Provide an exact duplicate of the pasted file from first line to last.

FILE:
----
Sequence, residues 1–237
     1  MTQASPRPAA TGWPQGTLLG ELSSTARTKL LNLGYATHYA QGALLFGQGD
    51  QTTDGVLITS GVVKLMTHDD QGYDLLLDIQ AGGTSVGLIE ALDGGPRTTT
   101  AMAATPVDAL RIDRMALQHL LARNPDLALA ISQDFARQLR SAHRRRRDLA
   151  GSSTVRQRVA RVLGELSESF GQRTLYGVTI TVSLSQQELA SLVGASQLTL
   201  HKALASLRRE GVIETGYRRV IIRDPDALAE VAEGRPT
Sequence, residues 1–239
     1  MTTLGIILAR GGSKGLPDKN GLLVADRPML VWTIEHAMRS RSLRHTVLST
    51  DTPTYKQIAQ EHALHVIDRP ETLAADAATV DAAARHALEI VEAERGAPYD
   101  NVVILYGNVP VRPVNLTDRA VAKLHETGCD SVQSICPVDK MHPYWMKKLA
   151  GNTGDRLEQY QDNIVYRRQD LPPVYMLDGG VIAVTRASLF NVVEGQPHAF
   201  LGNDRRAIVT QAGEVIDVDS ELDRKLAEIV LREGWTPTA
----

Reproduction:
Sequence, residues 1–237
     1  MTQASPRPAA TGWPQGTLLG ELSSTARTKL LNLGYATHYA QGALLFGQGD
    51  QTTDGVLITS GVVKLMTHDD QGYDLLLDIQ AGGTSVGLIE ALDGGPRTTT
   101  AMAATPVDAL RIDRMALQHL LARNPDLALA ISQDFARQLR SAHRRRRDLA
   151  GSSTVRQRVA RVLGELSESF GQRTLYGVTI TVSLSQQELA SLVGASQLTL
   201  HKALASLRRE GVIETGYRRV IIRDPDALAE VAEGRPT
Sequence, residues 1–239
     1  MTTLGIILAR GGSKGLPDKN GLLVADRPML VWTIEHAMRS RSLRHTVLST
    51  DTPTYKQIAQ EHALHVIDRP ETLAADAATV DAAARHALEI VEAERGAPYD
   101  NVVILYGNVP VRPVNLTDRA VAKLHETGCD SVQSICPVDK MHPYWMKKLA
   151  GNTGDRLEQY QDNIVYRRQD LPPVYMLDGG VIAVTRASLF NVVEGQPHAF
   201  LGNDRRAIVT QAGEVIDVDS ELDRKLAEIV LREGWTPTA